The changes that these victorious state and local initiatives represent are less than 1% of what needs to be done regarding the so-called “criminal justice system.” But it represents a major turning of the tides. This is arguably the most important libertarian moment since the draft was ended in the Vietnam era.
By Lee Camp, Counterpunch
Something seismic happened in this election and it has nothing to do with Joe Biden winning. And yes, Joe Biden did indeed win. I’m sorry for those of you Trump fans who believe the election was rigged against him. It simply wasn’t.
Yes, millions of Americans were indeed purged from the voter rolls – but they were mostly people of color. So if MAGA Nation are waiting for those votes to be counted, then Trump will actually do even worse. And I honestly don’t care if you’re thinking, “But I saw a video on Tik-Tok of someone burning a ballot and then smothering it in hot sauce and eating it.” That doesn’t mean 50,000 votes were switched in Nevada. I saw a video on Twitter of a guy who could shoot laser beams out of his urethra—that doesn’t make it REAL! …And before you ask – Yes, he used his power to fight crime.
By Jason Lee Byas, Center for a Stateless Society
As the pain, suffering, and sheer cost incurred by the criminal justice system in America spirals further and further out of control, more and more people have come to push for reform. Even Texas Governor Rick Perry, who once proudly declared to have never struggled with issues like the death penalty, has begun to advocate reducing the number of prisons.
However, what we need, now more than ever, is something much more radical than mere reform to the criminal justice system: we need abolition. We must abolish the institutions of criminal law and punishment, including the system of slavery we call “prisons,” replacing it all with a legal system based purely on defense and restitution.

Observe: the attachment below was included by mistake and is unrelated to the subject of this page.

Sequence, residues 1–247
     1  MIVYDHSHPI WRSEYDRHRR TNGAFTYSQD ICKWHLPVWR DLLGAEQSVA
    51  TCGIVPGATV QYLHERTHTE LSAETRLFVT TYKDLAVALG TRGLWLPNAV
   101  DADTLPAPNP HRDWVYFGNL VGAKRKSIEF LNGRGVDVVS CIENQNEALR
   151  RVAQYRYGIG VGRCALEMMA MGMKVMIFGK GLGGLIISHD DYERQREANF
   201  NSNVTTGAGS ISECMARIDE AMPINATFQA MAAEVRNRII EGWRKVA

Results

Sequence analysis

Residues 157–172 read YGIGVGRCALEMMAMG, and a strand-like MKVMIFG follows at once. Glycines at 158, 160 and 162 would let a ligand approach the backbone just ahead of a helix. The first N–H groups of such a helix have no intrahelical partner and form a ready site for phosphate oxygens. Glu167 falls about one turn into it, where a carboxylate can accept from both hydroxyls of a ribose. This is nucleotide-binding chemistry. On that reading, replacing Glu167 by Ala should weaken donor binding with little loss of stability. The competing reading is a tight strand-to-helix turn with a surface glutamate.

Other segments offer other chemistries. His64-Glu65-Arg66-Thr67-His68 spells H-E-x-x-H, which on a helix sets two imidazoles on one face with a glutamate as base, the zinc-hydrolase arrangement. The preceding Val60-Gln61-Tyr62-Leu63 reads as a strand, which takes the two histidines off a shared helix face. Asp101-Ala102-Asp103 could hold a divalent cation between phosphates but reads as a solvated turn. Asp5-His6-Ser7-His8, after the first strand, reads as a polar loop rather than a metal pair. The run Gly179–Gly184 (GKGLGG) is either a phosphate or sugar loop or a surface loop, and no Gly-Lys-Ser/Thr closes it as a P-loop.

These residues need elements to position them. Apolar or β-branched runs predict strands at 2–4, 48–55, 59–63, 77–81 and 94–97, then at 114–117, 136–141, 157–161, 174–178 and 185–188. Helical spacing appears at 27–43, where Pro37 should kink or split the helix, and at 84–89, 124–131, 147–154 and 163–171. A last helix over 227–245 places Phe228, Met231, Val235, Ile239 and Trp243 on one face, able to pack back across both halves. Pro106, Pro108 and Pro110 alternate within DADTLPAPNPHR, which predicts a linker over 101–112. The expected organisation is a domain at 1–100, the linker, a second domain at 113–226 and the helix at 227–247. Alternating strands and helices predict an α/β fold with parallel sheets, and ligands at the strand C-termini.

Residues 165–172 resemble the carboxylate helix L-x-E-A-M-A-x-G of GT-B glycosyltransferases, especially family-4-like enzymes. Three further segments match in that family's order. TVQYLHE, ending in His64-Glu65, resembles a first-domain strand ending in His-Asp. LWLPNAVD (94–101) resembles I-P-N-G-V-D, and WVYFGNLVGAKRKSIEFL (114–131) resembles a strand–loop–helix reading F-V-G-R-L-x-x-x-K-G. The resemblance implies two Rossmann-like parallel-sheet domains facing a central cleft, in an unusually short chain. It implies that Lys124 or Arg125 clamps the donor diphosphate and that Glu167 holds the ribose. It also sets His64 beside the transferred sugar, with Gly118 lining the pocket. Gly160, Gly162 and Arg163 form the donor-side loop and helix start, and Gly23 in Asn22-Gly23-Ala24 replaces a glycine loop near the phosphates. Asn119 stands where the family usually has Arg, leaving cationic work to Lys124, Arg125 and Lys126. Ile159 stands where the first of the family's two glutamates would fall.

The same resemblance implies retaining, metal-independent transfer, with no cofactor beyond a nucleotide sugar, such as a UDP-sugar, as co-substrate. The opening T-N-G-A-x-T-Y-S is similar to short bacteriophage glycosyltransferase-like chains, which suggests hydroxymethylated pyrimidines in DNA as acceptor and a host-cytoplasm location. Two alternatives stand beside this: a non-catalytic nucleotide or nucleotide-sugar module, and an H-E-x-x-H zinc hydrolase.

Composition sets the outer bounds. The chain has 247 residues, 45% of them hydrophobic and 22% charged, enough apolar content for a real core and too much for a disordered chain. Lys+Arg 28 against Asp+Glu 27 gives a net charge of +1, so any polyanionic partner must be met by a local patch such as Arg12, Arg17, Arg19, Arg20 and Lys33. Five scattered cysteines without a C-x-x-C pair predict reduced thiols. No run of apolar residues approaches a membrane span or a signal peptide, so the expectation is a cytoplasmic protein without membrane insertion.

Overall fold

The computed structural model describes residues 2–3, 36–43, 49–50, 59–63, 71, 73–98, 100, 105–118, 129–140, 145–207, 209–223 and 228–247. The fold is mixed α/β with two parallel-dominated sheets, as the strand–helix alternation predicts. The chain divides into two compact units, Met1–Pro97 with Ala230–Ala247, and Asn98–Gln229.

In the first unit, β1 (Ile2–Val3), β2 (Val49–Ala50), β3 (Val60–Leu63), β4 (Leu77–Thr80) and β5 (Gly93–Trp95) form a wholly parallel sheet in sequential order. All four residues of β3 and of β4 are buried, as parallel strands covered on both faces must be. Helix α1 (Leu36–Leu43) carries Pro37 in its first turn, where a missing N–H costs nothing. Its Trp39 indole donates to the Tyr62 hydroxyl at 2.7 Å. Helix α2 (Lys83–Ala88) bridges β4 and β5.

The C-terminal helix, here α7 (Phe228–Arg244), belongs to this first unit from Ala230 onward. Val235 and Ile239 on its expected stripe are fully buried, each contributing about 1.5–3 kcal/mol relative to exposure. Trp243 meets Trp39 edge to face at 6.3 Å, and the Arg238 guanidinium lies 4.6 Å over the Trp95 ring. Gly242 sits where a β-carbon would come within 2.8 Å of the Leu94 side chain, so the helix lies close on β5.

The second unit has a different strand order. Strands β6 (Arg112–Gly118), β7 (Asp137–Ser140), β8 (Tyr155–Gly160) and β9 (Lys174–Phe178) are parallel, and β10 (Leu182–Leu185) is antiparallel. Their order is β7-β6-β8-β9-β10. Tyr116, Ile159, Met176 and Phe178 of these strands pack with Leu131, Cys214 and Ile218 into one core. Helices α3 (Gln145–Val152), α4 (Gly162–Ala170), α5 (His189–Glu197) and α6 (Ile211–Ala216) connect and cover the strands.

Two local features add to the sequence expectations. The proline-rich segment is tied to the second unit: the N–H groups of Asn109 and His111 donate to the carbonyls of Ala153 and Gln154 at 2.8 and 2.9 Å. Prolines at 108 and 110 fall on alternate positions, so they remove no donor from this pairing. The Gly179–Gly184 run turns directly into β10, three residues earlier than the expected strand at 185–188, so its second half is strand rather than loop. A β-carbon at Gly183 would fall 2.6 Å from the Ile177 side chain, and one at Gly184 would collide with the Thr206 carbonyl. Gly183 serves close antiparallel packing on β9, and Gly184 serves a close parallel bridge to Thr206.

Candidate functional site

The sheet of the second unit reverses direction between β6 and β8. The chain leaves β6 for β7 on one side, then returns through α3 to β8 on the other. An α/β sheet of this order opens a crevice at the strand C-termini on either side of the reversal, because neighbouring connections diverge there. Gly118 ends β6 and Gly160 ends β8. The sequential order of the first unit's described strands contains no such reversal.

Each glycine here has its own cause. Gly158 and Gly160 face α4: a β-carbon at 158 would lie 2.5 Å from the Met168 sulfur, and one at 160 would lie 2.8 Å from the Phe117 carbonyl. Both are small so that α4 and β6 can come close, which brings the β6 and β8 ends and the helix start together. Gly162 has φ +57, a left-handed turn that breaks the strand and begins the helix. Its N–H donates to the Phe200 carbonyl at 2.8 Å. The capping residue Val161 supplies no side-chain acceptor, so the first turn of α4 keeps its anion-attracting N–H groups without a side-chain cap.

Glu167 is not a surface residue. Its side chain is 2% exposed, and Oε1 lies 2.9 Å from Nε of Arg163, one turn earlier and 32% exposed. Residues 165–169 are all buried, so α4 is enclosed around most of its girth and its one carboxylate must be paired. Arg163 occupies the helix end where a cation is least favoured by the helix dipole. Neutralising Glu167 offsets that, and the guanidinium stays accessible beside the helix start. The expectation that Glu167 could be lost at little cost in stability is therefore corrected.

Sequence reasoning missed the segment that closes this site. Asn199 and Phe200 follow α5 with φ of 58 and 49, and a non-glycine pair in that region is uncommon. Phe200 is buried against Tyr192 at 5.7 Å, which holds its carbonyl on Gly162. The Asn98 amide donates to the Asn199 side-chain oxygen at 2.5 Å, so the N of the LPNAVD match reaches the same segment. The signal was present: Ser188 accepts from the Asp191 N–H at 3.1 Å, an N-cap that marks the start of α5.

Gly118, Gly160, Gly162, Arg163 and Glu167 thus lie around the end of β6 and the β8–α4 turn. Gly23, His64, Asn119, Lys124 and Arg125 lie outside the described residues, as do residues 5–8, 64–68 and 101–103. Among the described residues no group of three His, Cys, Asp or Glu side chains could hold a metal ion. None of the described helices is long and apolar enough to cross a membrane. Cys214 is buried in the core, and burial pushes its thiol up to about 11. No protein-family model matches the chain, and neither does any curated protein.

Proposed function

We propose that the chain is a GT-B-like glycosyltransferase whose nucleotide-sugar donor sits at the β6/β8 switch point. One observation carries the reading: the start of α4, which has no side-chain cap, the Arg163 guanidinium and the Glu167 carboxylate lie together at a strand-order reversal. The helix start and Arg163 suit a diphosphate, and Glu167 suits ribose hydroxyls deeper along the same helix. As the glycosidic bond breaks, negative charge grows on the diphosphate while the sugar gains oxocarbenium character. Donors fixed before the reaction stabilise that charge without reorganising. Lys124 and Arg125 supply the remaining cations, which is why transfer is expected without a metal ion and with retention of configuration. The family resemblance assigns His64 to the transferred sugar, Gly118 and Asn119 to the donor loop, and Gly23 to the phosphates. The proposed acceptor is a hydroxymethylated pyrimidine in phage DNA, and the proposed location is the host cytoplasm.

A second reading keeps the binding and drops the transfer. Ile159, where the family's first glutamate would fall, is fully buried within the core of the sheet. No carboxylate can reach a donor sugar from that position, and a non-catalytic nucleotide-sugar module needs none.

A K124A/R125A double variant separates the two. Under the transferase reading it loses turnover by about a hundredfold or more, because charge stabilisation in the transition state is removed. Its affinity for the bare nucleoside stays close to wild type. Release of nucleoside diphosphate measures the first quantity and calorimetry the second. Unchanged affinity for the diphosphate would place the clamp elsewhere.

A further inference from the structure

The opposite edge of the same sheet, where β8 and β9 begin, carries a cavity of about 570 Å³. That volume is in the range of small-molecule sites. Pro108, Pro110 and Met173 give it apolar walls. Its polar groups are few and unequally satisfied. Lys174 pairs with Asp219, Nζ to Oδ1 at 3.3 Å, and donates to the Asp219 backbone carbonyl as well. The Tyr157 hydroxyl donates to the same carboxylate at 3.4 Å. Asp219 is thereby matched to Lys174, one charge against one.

The universal victory of anti-police state referendums was the most important thing to come out of the election, much more so than the presidential contest. But the big question is what will the state attack as it loses the drug war as a tool?
Executive Director of the Drug Policy Alliance, Kassandra Frederique, discusses a measure that makes Oregon the first state in the nation to decriminalize the possession and personal use of all drugs.
Trump has always reminded me of Silvio Berlusconi, who also ended up in prison after a term as the Italian Prime Minister.
As one who grew up in the America of Richard Nixon and Ronald Reagan, this is something I never thought I would see.
By Nicholas Kristof, New York Times
Voters in red and blue states may be in accord on nothing else, but they passed measures to liberalize drug laws.
One of America’s greatest mistakes over the last century was the war on drugs, so it’s thrilling to see voters in red and blue states alike moving to unwind it.
The most important step is coming in Oregon, where voters easily passed a referendum that will decriminalize possession of even hard drugs like cocaine and heroin, while helping users get treatment for addiction. The idea is to address drug use as a public health crisis more than as a criminal justice issue.